Lip Fleur-De-Lis Flap
D. R. MILLARD JR.
This is a classic technique that attempted to replace the lost central portion of the lip. Such substantial deformities were created when the premaxilla or the columella was sacrificed as part of a cleft-lip repair, a sacrifice that fortunately is no longer made.
Through cancer ablation, radiation, or secondary congenital cleft lip deformities, a relative side-to-side tightness of a lip often occurs. There also may be deficiency in the free border vermilion. One lip may be tight and thin, with only a minimum of vermilion visible. The opposite lip may be loose, with voluminous vermilion in view (Fig. 160.1). In such circumstances, the lip fleur-de-lis flap has been found to be effective in two planes (1).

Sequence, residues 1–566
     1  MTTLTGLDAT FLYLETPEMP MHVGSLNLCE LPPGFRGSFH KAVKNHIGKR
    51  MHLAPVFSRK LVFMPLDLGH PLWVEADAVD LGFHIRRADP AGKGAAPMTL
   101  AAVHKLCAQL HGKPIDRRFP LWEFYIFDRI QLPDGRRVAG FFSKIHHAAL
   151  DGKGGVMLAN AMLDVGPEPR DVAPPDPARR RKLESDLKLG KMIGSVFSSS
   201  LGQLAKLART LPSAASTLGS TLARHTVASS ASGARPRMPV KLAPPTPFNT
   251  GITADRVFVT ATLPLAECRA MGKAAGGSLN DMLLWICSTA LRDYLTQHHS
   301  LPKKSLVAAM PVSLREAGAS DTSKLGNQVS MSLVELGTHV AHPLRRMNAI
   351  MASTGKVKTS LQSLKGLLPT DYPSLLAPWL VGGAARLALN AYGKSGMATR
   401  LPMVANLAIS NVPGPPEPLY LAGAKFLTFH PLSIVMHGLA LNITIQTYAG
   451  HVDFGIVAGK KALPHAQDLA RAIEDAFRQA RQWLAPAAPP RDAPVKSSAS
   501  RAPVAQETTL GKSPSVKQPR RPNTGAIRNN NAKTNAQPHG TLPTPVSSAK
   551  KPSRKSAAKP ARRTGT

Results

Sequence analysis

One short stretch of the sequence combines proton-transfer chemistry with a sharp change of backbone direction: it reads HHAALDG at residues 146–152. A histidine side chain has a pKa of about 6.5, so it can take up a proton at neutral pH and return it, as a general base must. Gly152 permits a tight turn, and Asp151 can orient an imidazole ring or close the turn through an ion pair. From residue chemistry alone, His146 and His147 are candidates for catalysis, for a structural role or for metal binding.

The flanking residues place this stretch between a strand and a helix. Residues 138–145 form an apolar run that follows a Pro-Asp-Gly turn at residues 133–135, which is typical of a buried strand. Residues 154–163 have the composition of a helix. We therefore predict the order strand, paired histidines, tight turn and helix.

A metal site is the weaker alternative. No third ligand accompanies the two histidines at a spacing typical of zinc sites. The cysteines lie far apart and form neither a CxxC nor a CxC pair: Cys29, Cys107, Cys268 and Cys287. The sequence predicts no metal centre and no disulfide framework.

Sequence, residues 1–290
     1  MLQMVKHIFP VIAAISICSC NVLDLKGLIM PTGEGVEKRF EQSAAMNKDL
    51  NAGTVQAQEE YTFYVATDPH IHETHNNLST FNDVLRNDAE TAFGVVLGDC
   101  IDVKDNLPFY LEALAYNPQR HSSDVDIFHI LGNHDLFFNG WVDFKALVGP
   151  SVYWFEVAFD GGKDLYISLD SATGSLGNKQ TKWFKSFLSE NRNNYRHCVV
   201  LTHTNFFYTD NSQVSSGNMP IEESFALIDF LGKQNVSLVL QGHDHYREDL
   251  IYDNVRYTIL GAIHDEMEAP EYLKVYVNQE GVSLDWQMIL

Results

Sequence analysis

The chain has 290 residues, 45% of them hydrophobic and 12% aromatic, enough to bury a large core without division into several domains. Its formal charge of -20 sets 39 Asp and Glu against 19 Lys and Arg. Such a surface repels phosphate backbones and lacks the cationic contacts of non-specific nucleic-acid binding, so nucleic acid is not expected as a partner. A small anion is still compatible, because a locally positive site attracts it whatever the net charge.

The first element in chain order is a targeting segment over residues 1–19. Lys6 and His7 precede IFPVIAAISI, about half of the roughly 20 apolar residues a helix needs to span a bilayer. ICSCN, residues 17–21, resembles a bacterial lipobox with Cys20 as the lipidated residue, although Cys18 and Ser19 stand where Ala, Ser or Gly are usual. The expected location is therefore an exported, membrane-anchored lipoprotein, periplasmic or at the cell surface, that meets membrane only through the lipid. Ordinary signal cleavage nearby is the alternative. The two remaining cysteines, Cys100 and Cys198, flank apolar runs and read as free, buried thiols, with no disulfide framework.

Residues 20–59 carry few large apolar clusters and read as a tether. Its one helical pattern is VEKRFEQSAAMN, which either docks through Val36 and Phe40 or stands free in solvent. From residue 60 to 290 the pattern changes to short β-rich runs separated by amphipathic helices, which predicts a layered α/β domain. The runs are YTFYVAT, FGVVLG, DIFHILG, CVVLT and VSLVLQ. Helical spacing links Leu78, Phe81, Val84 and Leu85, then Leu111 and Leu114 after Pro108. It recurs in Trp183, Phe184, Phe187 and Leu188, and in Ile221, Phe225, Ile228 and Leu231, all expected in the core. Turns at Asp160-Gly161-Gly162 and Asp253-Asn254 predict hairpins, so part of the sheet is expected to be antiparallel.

By extending the standard lip-switch flap with lateral mucosal flaps, it is possible to double its dimension of effectiveness. The standard lip-switch portion of the flap will reduce the relative slack of the donor lip while it releases the tightness of the opposite lip.
Simultaneously, the mucosal extensions on the lip-switch flap, taken out of the voluminous vermilion of one lip, are transported and inserted behind the thin free-border vermilion of the other lip. This has a balancing effect because the excessive vermilion is reduced while simultaneously bolstering the deficient vermilion of the opposite lip.
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